10.) Interesting to note: in neither of these videos does he play over high C at all! It's all about a fat sound.
1.) Just watch this video and sort it out as best as possible. Here are some things the popped out to me.
2.) Around 9 minutes he disputes the notion that that learning pedals helps the upper register.
3.) He makes a big point of playing the pedals with the regular embouchure and with a solid sound.
4.) Around 10:45 he plays a little skipping exercise very quietly.
5.) He plays against the acoustics, but he sounds flawlessly solid. This suggests to me that he has really loosened things up right in the center of his embouchure.
6.) TONGUE POSITION!
He uses his hands to show tongue position as it relates to range. This fits my model.
7.) He articulates the idea that high speed air = high notes. This runs counter to others. Acoustically, the so called high speed air is a result or side effect of playing the upper register, not the cause of it.
8.) Ok, here is a point I need to revisit and get implemented back into my practice, better, again. STOP PRACTICING WHEN TIRED!
9.) Not keen on pedal C played 123. He is big on playing pedal C open horn and lipping it in tune.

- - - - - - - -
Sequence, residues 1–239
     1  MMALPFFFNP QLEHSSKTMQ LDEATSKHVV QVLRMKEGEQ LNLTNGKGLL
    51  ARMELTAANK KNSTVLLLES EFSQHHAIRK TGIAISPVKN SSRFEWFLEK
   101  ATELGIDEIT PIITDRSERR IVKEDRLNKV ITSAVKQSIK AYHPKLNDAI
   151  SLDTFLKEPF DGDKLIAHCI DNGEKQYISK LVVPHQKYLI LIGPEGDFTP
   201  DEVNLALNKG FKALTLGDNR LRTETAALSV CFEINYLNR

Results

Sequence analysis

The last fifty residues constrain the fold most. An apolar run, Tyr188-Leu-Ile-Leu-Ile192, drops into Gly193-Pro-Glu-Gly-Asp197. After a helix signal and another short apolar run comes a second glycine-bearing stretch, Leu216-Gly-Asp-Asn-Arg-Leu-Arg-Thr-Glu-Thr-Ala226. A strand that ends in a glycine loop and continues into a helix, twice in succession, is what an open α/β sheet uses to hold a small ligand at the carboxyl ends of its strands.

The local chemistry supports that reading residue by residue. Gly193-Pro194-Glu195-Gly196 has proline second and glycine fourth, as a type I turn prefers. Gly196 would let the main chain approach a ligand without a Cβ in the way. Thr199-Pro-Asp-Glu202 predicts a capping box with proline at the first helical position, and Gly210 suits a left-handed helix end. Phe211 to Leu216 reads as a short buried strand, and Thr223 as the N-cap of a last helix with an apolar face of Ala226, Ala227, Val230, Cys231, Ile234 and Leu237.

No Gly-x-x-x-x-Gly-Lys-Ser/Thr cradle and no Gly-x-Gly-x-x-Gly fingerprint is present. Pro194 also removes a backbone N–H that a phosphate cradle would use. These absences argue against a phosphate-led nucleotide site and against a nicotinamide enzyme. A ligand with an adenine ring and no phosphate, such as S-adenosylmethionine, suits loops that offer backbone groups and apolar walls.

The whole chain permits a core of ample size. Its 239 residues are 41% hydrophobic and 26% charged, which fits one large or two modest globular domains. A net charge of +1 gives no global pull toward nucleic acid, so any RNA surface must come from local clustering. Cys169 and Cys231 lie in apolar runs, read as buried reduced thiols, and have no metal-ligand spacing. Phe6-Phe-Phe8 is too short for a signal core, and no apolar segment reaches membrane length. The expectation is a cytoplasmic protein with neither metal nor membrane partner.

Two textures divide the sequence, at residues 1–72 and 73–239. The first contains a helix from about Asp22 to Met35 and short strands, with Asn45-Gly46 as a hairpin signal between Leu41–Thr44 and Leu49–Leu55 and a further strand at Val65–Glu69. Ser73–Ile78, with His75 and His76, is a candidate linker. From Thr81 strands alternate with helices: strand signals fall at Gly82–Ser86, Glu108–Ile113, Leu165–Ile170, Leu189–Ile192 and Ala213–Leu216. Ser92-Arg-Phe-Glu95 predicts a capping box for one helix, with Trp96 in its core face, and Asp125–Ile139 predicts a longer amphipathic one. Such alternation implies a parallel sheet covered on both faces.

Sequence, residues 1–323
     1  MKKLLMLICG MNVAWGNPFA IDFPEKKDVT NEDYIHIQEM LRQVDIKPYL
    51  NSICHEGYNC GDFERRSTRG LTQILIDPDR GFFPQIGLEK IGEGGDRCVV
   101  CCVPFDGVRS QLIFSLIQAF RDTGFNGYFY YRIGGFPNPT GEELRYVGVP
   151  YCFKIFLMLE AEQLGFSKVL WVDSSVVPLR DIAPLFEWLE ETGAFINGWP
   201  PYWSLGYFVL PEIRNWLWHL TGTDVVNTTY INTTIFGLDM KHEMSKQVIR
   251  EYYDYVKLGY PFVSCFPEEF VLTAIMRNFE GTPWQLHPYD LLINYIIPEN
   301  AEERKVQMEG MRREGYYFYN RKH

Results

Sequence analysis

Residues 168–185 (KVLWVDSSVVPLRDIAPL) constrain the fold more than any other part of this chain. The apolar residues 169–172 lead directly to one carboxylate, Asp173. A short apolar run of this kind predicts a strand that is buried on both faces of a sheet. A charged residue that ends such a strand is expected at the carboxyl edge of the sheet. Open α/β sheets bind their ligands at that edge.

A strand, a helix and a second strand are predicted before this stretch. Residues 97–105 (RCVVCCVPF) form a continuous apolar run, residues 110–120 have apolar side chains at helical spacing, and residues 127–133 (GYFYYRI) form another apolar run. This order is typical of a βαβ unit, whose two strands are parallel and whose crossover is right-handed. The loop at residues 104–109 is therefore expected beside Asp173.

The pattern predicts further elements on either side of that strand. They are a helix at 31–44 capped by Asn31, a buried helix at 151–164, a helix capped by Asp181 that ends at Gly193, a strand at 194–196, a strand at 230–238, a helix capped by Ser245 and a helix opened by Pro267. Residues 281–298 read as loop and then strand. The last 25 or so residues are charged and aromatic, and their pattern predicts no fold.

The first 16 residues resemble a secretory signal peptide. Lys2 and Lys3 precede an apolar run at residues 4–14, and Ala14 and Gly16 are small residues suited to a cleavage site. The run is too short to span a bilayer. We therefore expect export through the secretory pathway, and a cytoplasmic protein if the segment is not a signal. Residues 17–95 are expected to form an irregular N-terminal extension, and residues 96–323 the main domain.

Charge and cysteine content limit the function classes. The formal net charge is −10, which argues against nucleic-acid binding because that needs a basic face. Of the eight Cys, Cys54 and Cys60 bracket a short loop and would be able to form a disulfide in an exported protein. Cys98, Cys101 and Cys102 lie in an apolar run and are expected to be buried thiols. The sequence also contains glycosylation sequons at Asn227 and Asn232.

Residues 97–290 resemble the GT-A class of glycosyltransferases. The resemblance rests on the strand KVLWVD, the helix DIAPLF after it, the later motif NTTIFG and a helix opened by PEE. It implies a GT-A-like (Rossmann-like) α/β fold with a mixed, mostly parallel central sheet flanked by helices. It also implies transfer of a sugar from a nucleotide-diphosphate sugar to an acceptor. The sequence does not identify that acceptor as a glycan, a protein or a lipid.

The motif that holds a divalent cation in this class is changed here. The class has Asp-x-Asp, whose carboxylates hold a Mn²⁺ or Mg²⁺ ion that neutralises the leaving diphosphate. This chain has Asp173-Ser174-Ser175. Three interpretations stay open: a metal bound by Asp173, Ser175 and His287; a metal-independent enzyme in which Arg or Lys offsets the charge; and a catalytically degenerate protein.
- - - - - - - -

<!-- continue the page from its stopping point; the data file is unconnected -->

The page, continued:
THIS is my FAVORITE of the videos I reviewed of Arturo Sandoval's instruction. It is well worth listening to the whole thing.
1.) At 39 minutes talks about the ability to generate a great sound. He attributes it to a mental image. You have to her the sound in your head in order to conceptualize it. He did NOT attribute the sound exclusively to equipment. Hmmmm... So, to interject my thought here, so why not train yourself to pull this all of on smaller equipment as opposed to big? Things to make you go, 'hmmmmm...
2.) At 40 minutes she gets to the central point. How do you tell a student (ME, for example...) how to use the lips. He makes a very interesting point. He says that this is secondary! Everyone is different, so everyone has to sort out how to play for themselves. This is both heartening and daunting.
So, for me, I am looking for a clue as to a way of working that helped Sandoval put this full package together. I think I fond it here, but this is a bit of a look ahead.